I have a father who thinks he is a comedian.  For years he has said, “I’m so good at sleeping I can do it with my eyes closed.”  Whoever is around usually laughs even if they have heard it a thousand times because that’s just the way Pops is .. comfortable in his own skin with malice towards no one, a twinkle in his blue eyes.  The older he gets (he’s 81 now), the more he likes to have a good sleep.  He and Mom have the most comfortable bed in town, I must say!
Anyway, every time I sell a bed at Curate Consignments (and I’m selling more beds than sofas these days!), I bring a newly consigned frame in from the warehouse and set it up.  As I was sitting on the floor putting together our latest twin antique beds the other day, I got to thinking about good material for another blog post.  What do people want to know about good design?  What could I help someone with that would make them happy they were home at the end of a day?  Bingo!  How to create a homey, comfy, cozy bedroom where the furniture is placed correctly, there is enough storage, and where the bed is a place that feels like a welcoming retreat at the end of a long day, a little nest where sleeping comes easy when eyes close.
Let’s begin with the most important thing:  how much furniture is enough and how much is too much?  Well, you need a bed frame, either a headboard, a headboard and footboard (plus side rails), and the best mattress and box springs you can afford.  Then a dresser that is in scale with your room.  Those two are the basics and they would suit the smallest bedroom.  The larger you go, you can add a nightstand or two (never matching) and if you don’t have room for nightstands, install wall sconces that are within easy reach for switching off when going to sleep.  If there is room, add an easy chair to put on socks or to read a book.  You never want to have too much furniture – it kills the comfort part of the equation and looks chaotic even if the pieces are pretty.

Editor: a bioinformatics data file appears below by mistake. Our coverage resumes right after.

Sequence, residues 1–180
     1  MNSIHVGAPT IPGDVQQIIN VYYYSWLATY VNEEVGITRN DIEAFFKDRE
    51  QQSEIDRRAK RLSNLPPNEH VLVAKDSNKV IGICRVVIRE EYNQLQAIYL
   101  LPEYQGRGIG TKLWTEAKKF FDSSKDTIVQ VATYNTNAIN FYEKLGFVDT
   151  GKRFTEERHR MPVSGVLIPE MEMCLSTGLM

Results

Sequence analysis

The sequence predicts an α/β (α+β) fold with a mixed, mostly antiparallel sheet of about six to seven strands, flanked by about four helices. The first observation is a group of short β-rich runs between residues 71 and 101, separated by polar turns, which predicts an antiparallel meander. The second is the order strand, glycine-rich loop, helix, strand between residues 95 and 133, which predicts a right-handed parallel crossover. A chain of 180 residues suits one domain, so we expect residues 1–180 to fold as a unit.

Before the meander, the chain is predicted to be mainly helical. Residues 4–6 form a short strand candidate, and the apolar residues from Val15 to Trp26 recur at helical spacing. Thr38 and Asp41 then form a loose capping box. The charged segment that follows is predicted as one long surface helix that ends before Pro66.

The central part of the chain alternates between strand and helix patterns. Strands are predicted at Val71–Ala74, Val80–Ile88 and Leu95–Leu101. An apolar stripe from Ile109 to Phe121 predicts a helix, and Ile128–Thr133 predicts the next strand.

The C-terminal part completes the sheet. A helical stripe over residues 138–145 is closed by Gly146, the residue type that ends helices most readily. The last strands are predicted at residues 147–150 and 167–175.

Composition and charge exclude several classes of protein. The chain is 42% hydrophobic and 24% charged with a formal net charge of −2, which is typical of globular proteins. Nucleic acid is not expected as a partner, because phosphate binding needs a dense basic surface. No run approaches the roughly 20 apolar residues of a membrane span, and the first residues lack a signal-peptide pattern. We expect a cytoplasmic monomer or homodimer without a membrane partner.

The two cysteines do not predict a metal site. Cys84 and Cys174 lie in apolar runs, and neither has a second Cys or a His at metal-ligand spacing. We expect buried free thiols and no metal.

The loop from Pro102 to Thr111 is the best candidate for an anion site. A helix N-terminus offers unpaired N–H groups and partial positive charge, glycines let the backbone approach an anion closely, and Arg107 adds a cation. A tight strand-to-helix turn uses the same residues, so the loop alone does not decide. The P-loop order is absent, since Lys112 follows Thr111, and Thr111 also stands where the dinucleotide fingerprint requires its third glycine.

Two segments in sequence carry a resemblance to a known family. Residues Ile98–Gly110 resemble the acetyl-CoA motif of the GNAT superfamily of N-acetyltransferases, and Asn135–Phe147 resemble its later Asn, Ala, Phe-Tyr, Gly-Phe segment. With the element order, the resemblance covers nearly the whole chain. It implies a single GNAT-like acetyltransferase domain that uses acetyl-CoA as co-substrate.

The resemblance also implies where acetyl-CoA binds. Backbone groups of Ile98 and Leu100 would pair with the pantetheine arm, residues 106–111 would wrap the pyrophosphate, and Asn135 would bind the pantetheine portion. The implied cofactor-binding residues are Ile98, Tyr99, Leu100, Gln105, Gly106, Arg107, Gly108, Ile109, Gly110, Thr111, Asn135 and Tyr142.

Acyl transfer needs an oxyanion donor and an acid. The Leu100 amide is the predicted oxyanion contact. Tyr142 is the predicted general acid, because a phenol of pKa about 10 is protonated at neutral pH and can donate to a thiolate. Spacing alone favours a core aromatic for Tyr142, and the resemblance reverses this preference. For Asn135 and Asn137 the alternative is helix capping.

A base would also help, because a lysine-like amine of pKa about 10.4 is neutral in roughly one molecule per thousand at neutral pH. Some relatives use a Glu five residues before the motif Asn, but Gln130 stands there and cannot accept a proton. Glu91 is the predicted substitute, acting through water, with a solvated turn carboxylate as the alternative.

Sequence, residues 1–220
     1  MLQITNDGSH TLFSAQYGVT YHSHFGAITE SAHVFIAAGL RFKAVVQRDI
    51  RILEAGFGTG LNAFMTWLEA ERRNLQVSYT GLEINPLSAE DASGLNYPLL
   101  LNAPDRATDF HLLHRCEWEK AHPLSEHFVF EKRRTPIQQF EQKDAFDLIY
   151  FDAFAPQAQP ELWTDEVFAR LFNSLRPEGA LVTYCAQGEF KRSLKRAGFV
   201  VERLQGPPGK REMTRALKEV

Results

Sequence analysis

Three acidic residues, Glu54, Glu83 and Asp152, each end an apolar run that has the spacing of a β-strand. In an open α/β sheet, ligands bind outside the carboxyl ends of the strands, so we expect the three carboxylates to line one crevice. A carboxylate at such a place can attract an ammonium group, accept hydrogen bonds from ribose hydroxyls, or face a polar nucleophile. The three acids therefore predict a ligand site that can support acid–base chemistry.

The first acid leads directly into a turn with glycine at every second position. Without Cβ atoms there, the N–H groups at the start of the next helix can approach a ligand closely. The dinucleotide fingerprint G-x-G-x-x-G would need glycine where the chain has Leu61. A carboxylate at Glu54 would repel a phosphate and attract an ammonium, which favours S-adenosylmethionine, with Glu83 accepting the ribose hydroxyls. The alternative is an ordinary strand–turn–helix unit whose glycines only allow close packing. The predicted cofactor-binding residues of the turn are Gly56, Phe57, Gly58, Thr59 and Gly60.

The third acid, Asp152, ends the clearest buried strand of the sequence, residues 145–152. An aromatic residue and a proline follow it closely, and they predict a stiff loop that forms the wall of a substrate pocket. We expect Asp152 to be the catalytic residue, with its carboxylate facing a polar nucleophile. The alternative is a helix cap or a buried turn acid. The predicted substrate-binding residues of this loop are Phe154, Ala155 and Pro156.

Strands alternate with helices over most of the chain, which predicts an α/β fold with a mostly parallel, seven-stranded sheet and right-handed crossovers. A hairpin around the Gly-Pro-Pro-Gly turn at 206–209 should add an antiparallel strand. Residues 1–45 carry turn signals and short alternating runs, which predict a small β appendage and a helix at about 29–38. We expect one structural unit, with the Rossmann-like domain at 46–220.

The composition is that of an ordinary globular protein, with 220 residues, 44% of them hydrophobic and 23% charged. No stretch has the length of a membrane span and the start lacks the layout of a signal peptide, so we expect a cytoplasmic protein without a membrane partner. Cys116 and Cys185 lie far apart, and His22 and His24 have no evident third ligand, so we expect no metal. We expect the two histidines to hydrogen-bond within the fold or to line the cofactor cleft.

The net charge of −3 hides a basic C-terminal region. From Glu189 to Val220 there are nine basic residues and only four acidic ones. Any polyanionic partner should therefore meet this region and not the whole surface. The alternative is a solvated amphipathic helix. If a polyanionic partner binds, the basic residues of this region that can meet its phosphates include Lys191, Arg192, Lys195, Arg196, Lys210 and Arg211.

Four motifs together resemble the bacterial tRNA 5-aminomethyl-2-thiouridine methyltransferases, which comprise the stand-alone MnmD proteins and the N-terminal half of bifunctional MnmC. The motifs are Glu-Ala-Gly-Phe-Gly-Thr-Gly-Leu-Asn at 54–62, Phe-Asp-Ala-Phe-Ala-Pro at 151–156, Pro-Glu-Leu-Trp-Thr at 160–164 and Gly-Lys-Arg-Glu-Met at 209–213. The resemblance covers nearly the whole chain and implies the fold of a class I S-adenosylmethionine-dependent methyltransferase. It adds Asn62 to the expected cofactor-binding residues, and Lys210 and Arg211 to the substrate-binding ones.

Remember that good design is always best revealed in the details:  paints, wallpapers, fabrics, lighting, pillows, draperies/window coverings, flooring.  Before we get into those things, let’s cover your basic bedding.  A soft nest needs a down mattress covered by a good mattress pad.  Sheets should be the highest thread count you can afford, but look for the sample to feel or ask to open the package before you buy.  Good sheets will last ten years and are a good investment.  Same with pillows – down fill are the best, but if you are comfortable with fiber fill, go for it.
Symmetry with lamps and mirrors on either side of the bed bring balance and a feeling of stability (this is if you have room for two mismatched nightstands or a nightstand and small table).  A mirror placed behind a lamp magnifies the glow of the room at night.  You can also have a collection of smaller framed artwork or botanicals behind that lamp, but place the lamp nearest the bed with the artwork to the right of the lamp so the collection isn’t hidden.
Be sure to layer textures through wallpaper, drapery fabrics and bedding.  For a room belonging to a couple, mix woven fabrics or plaids (for him), and softer fabrics in companion colors for her.  Wallpapered “accent” walls are making a statement these days and grasscloths are classy as well.  Draperies can be ready-made or custom, but always be sure when purchasing draperies from a store that they are not flimsy or gauzy!  Heavy, lined draperies look expensive (velvets, lined linens, lined duck, etc.).  I have used JC Penney linen weave (lined) grommeted draperies in various homes and they hang and wear well.  Use substantial-looking drapery hardware as well.  Small hardware looks, well, small – and cheap.
Floor coverings .. wouldn’t everyone like to have hardwood flooring!?  If you have carpeting, it’s nice to layer a large (8” x 10” or so) seagrass area rug or a pretty old Oriental over to create another layer of texture.  But if you like your carpeting and it’s clean and free of stains, nothing wrong with not adding an area rug.
How about wall color?  I have used Pratt & Lambert Lambswool in so many homes you can’t believe it.  Second to that is Winslow Gray by P&L.  Both of these colors are great backdrops for grays and creams and browns.  Any white is my choice now and I love the look of gray or black woodwork and trim, but your fabrics need to then be pretty muted with colors coming in by way of accessories (pillows, throws, etc.).
There’s so much more, but I hope this helps a little.  If you are local and need help at all, please stop by the store and chat.  I love talking design!  If you are not local, send me a message through the contact page!